Pressure grows for Prince Andrew to lose his military posts

More and more voices within the British Army are asking that Prince Andrew, the second son of Queen Elizabeth II and accused of alleged child abuse in the United States, be stripped of his military titles, publishes this Monday "The Times".

The newspaper collects the testimony of Julian Perreira, a veteran of the Grenadier Guards, who asks for the "immediate resignation" of the Duke of York as colonel of that infantry regiment, an honorary position he inherited in 2017 from his father, the late Prince Philip.

Perreira declares that allowing him to continue with that and other titles in the Armed Forces will mean "a stain on proud history" of the Grenadiers and "will devalue your work".

According to the newspaper, the officers have been uncomfortable having to toast the duke’s health during the dinners of this regiment.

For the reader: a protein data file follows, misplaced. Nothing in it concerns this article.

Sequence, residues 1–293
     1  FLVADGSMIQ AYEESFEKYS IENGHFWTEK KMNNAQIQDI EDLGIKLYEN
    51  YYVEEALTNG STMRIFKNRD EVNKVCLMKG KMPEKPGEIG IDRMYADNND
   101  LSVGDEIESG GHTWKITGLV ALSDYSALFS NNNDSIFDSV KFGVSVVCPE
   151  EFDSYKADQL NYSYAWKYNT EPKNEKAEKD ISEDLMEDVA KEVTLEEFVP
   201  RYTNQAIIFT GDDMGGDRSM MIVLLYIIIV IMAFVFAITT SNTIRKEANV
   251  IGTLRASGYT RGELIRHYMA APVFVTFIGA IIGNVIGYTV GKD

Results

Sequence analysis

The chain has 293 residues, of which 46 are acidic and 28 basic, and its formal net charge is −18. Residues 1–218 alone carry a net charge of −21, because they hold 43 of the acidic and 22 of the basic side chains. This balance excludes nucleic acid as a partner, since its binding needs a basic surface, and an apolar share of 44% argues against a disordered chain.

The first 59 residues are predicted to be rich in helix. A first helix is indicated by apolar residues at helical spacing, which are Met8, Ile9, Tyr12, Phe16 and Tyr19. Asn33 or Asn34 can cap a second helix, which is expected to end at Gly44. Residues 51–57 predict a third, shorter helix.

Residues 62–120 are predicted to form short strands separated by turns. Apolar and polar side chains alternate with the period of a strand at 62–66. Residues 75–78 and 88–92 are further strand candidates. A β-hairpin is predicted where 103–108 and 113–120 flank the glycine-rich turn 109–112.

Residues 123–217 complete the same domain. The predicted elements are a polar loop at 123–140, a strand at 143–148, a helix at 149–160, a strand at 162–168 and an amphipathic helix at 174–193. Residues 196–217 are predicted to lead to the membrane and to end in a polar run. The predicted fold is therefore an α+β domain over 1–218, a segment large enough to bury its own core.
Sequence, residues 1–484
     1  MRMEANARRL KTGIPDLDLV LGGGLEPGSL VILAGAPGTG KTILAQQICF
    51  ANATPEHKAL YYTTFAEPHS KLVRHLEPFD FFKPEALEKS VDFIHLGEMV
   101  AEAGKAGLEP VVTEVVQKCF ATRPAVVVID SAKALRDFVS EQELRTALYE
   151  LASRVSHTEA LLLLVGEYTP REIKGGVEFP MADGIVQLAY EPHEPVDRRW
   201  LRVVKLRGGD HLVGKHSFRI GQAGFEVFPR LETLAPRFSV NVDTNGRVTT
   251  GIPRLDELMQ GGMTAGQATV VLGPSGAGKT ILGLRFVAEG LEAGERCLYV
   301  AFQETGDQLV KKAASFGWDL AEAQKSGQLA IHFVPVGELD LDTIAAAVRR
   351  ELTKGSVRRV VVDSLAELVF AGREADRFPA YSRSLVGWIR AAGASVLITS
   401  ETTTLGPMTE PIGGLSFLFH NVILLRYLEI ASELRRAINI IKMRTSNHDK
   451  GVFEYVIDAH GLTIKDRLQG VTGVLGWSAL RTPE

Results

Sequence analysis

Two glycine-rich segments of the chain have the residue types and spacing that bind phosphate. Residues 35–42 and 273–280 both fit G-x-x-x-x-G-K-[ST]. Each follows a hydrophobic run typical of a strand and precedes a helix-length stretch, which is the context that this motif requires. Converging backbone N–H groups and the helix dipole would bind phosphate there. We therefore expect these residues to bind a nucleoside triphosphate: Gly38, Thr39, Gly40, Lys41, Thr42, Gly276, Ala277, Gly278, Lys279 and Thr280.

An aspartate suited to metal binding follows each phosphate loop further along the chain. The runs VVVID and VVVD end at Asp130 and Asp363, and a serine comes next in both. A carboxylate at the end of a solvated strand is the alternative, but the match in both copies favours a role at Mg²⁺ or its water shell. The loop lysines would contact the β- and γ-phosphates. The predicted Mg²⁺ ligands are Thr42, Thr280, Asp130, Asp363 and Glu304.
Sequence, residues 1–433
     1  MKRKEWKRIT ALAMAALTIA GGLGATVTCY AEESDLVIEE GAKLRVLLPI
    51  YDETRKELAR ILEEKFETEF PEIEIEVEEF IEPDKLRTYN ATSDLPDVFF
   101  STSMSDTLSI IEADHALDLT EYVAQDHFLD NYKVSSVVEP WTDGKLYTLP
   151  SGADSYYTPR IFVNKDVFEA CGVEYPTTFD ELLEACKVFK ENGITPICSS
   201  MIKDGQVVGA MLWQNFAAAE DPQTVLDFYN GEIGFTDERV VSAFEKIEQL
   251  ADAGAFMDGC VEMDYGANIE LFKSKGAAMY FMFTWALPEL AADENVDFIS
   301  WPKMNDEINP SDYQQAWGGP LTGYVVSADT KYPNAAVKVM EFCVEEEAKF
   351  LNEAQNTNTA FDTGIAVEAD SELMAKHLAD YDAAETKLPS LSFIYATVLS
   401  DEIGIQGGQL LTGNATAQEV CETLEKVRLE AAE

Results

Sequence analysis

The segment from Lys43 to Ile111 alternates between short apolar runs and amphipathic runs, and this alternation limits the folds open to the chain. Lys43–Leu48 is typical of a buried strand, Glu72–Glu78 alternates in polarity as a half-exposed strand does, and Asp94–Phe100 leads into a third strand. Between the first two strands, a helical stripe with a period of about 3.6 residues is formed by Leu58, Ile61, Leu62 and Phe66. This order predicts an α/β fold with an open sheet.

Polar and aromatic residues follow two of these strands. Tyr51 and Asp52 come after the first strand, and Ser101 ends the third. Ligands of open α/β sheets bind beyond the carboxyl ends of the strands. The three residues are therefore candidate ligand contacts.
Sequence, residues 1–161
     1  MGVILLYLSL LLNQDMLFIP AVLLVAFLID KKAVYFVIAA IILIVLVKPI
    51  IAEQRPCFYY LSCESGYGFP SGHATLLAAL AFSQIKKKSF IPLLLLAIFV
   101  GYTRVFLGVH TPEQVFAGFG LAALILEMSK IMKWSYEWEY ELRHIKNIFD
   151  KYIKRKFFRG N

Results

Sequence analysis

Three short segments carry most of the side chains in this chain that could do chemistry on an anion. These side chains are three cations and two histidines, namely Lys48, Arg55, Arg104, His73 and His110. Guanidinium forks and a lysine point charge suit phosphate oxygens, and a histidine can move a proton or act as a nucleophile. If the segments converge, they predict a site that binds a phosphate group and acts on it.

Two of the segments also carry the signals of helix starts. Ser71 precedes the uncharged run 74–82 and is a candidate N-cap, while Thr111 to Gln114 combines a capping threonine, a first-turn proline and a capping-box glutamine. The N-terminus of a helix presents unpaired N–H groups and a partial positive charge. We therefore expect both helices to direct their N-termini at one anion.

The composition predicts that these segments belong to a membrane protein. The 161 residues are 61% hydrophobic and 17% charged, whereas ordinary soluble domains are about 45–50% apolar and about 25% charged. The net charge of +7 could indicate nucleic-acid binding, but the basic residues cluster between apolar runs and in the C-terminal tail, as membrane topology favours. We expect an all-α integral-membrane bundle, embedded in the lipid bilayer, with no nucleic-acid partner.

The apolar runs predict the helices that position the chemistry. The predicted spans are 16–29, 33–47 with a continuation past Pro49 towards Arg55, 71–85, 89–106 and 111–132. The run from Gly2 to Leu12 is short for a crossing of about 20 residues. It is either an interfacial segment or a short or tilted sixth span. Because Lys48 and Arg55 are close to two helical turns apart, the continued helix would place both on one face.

"The Times" It points out that Andrés, 61, holds nine military positions and it is up to his mother, the Queen, to officially withdraw them.

The prince faces a civil process in New York initiated by the Australian-American Virginia Giuffre, 38, who accuses him of having sexually abused her three times when she was 17, which the duke denies.

Giuffre maintains that he was a victim of sex trafficking by the American financier Jeffrey Epstein – who committed suicide in preventive prison in 2019 – and his former lover and collaborator, the British Ghislaine Maxwell, convicted on December 29 of sex trafficking with minors in a process parallel criminal in progress.

Thanks to the mediation of the couple, the prince, a friend of both, would have sexually abused her in London, New York and on a private island of Epstein in the Caribbean, he argues.

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With part of the lawsuit against Andrés, it is expected that today the New York court will make public an out-of-court agreement that Giuffre would have signed with Epstein and that, according to the defense of the Duke of York, would exonerate him of any responsibility.

The young woman’s lawyers have requested documents that prove the "inability to sweat" that the son of Elizabeth II alleged as "alibi" to deny that he knew the applicant, who had detailed in an interview that he had sweated profusely in one of their encounters.

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